That July I headed in my rental car
to see the eerie tall stone fuchsia/orange/
and purple hoodoos. Soon the boulders
blazed up, sky poured golden fire that singed
my skin, made my head ache.
                                                    The overloaded motor
whimpered, smoked, and died. Nothing human
for a hundred miles.
                                    On the rocky shoulder
I stood pondering. I had no phone,
I’d brought no water. I could feel my tongue
swell, my hands go numb, as terror
sent its venom through my veins.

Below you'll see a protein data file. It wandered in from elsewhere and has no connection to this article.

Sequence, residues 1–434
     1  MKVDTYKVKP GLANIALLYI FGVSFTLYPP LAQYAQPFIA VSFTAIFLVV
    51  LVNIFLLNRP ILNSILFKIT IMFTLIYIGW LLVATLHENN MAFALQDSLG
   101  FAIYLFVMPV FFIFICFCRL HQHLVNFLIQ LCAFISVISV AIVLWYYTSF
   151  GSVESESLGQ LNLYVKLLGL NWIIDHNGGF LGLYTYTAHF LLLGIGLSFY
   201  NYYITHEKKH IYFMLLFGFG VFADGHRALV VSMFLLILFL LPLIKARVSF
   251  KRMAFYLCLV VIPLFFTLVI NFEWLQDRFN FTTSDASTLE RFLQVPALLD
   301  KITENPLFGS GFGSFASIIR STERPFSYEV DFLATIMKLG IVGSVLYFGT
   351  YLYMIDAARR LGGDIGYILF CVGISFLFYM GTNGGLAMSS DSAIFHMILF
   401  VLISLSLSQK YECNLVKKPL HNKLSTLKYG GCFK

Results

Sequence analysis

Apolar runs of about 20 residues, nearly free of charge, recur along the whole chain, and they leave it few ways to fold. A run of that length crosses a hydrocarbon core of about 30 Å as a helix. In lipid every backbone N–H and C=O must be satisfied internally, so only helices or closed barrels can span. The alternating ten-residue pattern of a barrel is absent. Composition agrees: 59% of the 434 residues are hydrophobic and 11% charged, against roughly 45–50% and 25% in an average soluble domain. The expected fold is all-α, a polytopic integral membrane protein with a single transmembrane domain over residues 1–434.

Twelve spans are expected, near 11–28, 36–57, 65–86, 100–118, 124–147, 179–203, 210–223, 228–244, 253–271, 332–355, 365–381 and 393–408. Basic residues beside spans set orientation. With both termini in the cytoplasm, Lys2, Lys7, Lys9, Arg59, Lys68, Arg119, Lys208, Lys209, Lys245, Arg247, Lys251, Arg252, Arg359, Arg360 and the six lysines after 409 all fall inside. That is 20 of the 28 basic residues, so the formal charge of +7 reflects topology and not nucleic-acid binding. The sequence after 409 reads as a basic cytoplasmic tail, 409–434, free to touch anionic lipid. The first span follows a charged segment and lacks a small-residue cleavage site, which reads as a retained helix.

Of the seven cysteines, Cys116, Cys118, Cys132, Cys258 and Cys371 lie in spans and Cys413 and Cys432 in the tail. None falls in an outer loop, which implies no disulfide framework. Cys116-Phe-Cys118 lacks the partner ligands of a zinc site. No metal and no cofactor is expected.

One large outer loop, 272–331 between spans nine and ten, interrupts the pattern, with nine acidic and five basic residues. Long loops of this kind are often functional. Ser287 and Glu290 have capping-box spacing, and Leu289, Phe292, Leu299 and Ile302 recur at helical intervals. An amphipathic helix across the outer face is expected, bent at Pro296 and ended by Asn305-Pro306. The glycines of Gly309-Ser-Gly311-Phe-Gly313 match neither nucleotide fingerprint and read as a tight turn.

Dead beside the road, a bloated rattler
with garnet eyes, half eaten by a vulture.
Now I know, I thought, how I will die.

I found a rock and tried to dredge for water
in sand:
               just sand, more fiery sand.
                                                               My shadow lengthened,
a cold breeze dried my sweat. Then thunder
from the rim of the slit horizon shocked
me awake and I began to walk.
             Every place the same.
                                                  I came back mute
with thirst, maddened by howling rock.
I sat watch, all wild attention.
                                                           As night
edged in, a tortoise lugged her shell
across the vast cold desert, a pilgrim
scarring a trail in sand with her stiff tail,
and I thought: Find what you need, small pilgrim.

Just before the desert Ranger found me,
I watched her stretch her nose to nuzzle spurge weed.